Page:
Eat Your Greens

Last January I posted Scared Straight which talked about my December 2016 Netflix binge-watching of health documentaries.  (You can read the article here. )  In early March, as many of you have read, I pulled the trigger and challenged myself to eating a mostly plant-based diet for 30 days.  It’s now January 3rd and I’m on day 307.  So I guess you could say it was a successful 30 day challenge.

It’s not been a hard transition, but there have been bumps and challenges.   Luckily many cookbooks abound, there are a lot of podcasts, blogs and Facebook groups dedicated to this type of eating.  It’s been helpful to have resources, places to go to have questions answered and get recipe ideas.   I think I picked a good year to adopt this way of eating.  It’s becoming more acceptable, more mainstream and, well, less weird.

There are a few things that make transitioning to this way of eating easier.  Here are some tips that you should know ahead of time.

  1.  Find an Expert.    Read the research and do some homework to figure out if this makes sense for you.  Some of the Gold Standards in the industry are Dr. Esselstyn’s research (http://www.dresselstyn.com/site/), Dr. Neal Barnard (https://www.facebook.com/NealBarnardMD/), Dr. Greger (https://drgreger.org/).  Check out Forks over Knives too (https://www.forksoverknives.com/).
  2. Find a Plan.  You can do this on your own but why re-invent the wheel?  Forks over Knives has a good plan, the No-Meat Athlete as well as Rich Roll all have planners and info to help beginners.  Just a caveat, I like to follow athletes that are plant-based because of the energy requirements for endurance sports.  Your needs may vary.
  3. Find Your Way to the Interwebs.  If you’re on Facebook type “plant-based eating” into the search bar and watch the recommendations pop up.  Not everyone will be your cup of tea but you can definitely get some great resources.
  4. Find People Who Cook Yummy-Looking Things.  Here are my favorites.  The Buddhist Chef, Oh She Glows, The Beaming Baker, BOSH!The Engine 2 Cookbook, Vegan with a Vengeance and VegNews (magazine).

So you’ve checked it out and still not ready to take the plunge?  Or maybe you just need to know what you can implement right now that will improve your nutrition but won’t require a complete  overhaul?  Or you have no desire to cut out meat or dairy but want to eat a little better?

If you do NOTHING else,  eat more greens, veggies and fruits.   What’s more? Double or even triple the amount you’re currently eating.  Fresh or frozen greens, veggies and fruits are nutrient dense, full of fiber and water and are low in calories.  You get a big bang for your buck.  So to speak.

Questions? Need more info?  Let me know.

Now go run!

Keli 🙂

 

 

 

Advertisements

Vacay the Plant-Based Way

I just returned from a 4 day camping trip at the lake.  I love camping.  We water ski, tube, swim, hang out with friends and are able to unplug and relax.  Then there’s the food;  BBQing chickenor steak for dinner, dogs for lunch, eggs and bacon for breakfast, cheese and crackers to nibble…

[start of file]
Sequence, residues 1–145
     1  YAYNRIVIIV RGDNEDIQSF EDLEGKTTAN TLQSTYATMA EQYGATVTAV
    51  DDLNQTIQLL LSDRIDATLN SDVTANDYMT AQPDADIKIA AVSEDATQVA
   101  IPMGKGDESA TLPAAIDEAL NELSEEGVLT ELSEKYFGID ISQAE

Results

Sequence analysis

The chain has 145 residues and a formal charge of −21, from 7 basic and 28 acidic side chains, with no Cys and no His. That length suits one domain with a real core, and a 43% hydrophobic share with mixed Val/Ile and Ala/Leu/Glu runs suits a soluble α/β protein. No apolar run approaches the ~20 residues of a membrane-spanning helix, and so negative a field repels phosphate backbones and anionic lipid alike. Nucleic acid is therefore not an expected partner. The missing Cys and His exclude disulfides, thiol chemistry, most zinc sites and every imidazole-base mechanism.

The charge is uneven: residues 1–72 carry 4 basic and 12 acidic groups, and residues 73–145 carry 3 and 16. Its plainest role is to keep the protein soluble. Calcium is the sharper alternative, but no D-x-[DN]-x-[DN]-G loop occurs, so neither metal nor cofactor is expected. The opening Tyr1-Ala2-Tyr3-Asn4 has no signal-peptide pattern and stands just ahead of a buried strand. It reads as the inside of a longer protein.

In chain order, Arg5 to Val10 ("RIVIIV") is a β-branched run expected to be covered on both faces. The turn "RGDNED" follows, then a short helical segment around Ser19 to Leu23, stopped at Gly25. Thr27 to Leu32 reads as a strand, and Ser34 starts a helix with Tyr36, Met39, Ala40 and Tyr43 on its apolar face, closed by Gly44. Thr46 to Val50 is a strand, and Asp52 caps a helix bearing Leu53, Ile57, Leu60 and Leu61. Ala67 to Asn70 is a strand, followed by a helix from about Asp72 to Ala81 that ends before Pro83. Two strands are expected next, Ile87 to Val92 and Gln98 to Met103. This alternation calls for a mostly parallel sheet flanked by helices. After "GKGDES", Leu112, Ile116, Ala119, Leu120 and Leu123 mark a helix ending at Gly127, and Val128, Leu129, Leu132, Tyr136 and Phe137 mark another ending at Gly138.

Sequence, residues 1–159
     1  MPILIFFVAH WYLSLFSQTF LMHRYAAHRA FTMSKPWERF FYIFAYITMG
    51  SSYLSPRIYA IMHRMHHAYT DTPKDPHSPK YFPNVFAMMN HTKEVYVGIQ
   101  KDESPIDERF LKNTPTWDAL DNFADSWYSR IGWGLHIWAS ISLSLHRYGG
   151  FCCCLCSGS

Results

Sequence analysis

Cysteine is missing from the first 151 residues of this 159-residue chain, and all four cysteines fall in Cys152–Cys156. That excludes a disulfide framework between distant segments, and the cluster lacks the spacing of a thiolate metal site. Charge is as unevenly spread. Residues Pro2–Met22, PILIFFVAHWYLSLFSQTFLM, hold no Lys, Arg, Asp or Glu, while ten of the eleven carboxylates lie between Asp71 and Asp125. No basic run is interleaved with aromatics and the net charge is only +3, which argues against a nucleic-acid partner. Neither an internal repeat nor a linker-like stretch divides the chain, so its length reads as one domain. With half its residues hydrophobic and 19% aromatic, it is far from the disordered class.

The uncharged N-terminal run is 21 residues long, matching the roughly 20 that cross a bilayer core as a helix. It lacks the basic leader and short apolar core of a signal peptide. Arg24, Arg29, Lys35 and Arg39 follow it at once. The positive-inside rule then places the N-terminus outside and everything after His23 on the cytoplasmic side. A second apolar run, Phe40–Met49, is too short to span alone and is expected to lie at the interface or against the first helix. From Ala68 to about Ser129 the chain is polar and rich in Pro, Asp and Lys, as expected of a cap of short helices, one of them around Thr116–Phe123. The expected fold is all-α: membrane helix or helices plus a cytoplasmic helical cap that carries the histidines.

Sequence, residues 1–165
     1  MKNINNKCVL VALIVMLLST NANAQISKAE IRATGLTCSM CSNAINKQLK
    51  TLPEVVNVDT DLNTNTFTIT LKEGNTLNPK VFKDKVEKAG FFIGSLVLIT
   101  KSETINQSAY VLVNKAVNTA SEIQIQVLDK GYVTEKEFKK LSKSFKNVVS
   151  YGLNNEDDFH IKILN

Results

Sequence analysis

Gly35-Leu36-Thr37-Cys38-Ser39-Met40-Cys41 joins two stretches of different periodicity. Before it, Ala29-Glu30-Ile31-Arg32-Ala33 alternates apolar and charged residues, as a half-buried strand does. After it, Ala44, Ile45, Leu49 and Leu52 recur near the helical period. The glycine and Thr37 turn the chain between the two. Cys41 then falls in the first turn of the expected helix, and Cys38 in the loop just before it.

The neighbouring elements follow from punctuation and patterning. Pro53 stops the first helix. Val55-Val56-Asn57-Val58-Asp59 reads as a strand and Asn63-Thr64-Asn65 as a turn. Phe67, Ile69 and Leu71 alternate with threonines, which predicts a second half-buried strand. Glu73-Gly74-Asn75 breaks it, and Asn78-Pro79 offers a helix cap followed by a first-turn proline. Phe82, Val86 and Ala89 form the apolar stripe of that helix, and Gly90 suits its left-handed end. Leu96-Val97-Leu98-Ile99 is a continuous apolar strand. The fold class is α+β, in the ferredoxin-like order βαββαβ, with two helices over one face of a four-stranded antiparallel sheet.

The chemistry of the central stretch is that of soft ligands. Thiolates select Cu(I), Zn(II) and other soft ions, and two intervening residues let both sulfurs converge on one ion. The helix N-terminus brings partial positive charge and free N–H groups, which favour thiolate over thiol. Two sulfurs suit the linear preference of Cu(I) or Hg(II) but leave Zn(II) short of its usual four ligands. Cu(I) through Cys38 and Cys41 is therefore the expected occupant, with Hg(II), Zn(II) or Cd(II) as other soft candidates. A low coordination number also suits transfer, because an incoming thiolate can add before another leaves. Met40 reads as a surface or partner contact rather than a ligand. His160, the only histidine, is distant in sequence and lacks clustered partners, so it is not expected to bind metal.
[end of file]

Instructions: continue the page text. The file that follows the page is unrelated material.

Oh right.  That was last year.  After committing to a plant-based lifestyle earlier this year I had to completely re-think my camping strategy.  Because I not only had to feed myself but had to feed the family, who are NOT plant-based, as well.

So I did what I do best.  Planned it out and cooked most of the food at home to be heated up at the campsite.  And I kept it very simple because camping when it’s over 100 degrees doesn’t lend itself to standing over the stove or bbq.

  • Ground turkey tacos for the family, crumbled tofu for me.  I made each the same way; taco seasoning, canned green chilis, crushed tomatoes, a few chipotle peppers in adobo sauce for a kick.  That was one dinner, maybe a lunch.
  • A huge batch of brown rice for the tacos.
  • Refried beans that I made earlier in the week.
  • Chicken apple sausages for the family.  Vegan burgers for me.
  • Salad fixings.
  • Sandwich fixings.
  • Bread for sandwiches, taco shells for tacos.
  • Pasta noodles for Jack.
  • Soba noodles with spicy peanut sauce for Brad and myself.  This would go over a salad.  Enough for dinner and lunch.
  • Cereal for me and the family, eggs for Brad.
  • I also grilled up 2 large pans of mushrooms, onions, peppers and sliced zucchini.  I thought this would be great on sliced baguettes for either lunch or dinner with avocado.
  • Chips, crackers, hummus, salsa, guacamole, nuts, raisins, etc.

So how did it go?  We all know that planning and the application can be two very different things.

We did have to do some food re-org for Jack so after at trip into town to the market we were set.  And we had one dinner disaster on the second night.  I made beans and rice and corn but it was hot outside and I just threw it all together in a pot so it looked and tasted like what I imagine prison food would be.

But other than that, all was good in the camping hood.

So what about the meat?  The bbq?  The lovely and delicious smells wafting from my friend’s campsites?  It smelled divine, let me tell you.

But what I’ve found at 118 days into this, is that even if something smells good, like a steak from over at Dave’s campsite,  I don’t have a desire to eat it. I have other very tasty options that make me feel good and that I really enjoy.  (Except for that crappy mush that I made the second night.  Bleh.)

So overall I consider my camping trip a success.  I mean, thank goodness that Lagunitas IPA is made from plants or else this would be a different post altogether.

Now go run!

Keli 🙂